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Perfect Hospitality: Catering for Food Waste Prevention Strategies

Diana Szpytma 2 August 2018
Perfect Hospitality: Catering for Food Waste Prevention Strategies

The hotel sector has the opportunity to be more resource-efficient – which will benefit their business, customer service and the environment, says Cromwell Polythene managing director, James Lee.

Food waste is a key issue for the hotel sector, with figures from the Waste and Resources Action Programme (WRAP) indicating it amounts to 41% of the waste from hotels, pubs, restaurants, and quick service restaurants. This costs the UK hospitality and food service sector over £2.5 billion a year, which has a detrimental impact both on a hotel’s operational costs and on the environment too.

A new report co-authored by (WRAP) and the World Resources Institute (WRI) finds a compelling business case for preventing food waste in the catering industry. The report indicates 64% of caterers who invested in reducing food waste had recouped their costs in the first year. Of 86 sites across six countries evaluated, food waste was reduced by 36% on average in the space of twelve months.

The hospitality and food service (HaFS) sector is working hard to help achieve the UN’s Sustainable Development Goal: to halve global food waste by 2030. In the UK, many in the hotel sector have signed up to Courtauld 2025, a voluntary agreement to make food and drink production and consumption more sustainable.

Research from WRAP indicates that, on average, 21% of food waste in the HaFS sector arises from spoilage; 45% from food preparation; and 34% from customer plates. Practical steps that hotels can take to reduce waste includes investment in measuring technology, staff training, careful menu planning and accurate portion control.

Separating materials for recycling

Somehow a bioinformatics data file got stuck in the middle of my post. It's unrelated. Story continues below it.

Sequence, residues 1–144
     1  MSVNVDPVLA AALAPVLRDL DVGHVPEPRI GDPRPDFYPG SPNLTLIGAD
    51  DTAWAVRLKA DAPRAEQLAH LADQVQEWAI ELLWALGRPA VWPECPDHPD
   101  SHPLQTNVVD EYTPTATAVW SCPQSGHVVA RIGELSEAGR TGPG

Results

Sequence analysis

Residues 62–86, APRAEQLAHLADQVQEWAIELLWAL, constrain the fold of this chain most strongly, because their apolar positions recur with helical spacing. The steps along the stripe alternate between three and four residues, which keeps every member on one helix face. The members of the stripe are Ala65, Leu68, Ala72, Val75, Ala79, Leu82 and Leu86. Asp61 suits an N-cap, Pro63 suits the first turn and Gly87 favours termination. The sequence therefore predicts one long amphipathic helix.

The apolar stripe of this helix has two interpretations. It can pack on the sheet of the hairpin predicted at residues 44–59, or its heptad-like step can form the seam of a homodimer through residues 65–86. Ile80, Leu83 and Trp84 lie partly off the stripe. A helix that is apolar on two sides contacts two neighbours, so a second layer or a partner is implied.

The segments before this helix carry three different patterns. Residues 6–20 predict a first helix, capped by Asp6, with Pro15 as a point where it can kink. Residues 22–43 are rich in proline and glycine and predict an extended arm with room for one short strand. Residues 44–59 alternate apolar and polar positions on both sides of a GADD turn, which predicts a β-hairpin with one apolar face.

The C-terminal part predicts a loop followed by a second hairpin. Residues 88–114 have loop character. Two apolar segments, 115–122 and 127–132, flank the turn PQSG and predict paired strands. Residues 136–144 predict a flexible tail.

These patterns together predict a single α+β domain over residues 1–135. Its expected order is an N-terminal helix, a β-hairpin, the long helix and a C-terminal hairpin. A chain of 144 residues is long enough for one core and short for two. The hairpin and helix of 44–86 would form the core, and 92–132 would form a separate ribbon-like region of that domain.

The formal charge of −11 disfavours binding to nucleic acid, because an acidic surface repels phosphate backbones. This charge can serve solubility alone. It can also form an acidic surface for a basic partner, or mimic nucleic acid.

When food is wasted, we are not only throwing away good ingredients, we are wasting the resources and energy that are used to grow, harvest, process, and transport through the supply chain all the way to the consumer, along with the associated emissions. Studies have shown that GHG emissions associated with a steak purchase from a supermarket are 7500g for the steak, and just 80g for the packaging.

Polythene food grade bags can help the hotel sector improve portion control and storage of food to avoid spoilage. Look for grip seal bags which are re-sealable, re-usable, and recyclable. Contrary to popular belief, plastics have a very resource-efficient profile – particularly those produced from recycled materials. The environmental costs of using plastics in packaging are nearly four times lower than if plastics were replaced by alternative materials over the full life cycle. However, the real damage is caused by littering; ineffective waste management processes; and sending plastics to landfill, which is a waste of resources. Crucially, responsibly produced plastics can be recycled effectively and efficiently, or used to generate energy from waste (EFW) at the end of their useful life.

To avoid contamination of materials and make the process of recycling simpler, restaurants, hotels, pubs, cafés and takeaways also need to have an effective waste segregation policy to separate out their food waste for recycling. In Scotland, regulation is already in place that requires non-rural businesses producing more than 5kg of food waste per week to segregate the material separately for collection under 2016 updates to the Waste (Scotland) Regulations 2012. All Welsh Councils offer separate food waste collections to help consumers recycle more.

Separating out different materials for recycling also helps hotels to see and measure the amount of waste being generated. This can help to determine how much it costs the hotel and provides the opportunity to identify the root causes of waste and opportunities to reduce it.

Steps to success

Look for suppliers which offer a suitable range of products to help you manage and improve your food recycling collections, such as compostable caddy liners in a variety of sizes. Food liners should meet the stringent criteria of the European composting standard, EN13432, which requires more than 90% of the plastic mass to be converted into biomass, CO2 and water, without harmful residue.

Taking robust steps to prevent food waste offers the HaFS sector a real opportunity to make financial and environmental savings, whilst providing the best possible service to their customers.

Cromwell Polythene is a supplier of recycling and compostable solutions to the hotel and hospitality sectors through its strategic partnerships with major sector specific suppliers. Where applicable these solutions are accredited by the Cleaning & Hygiene Suppliers Association (CHSA).

www.cromwellpolythene.co.uk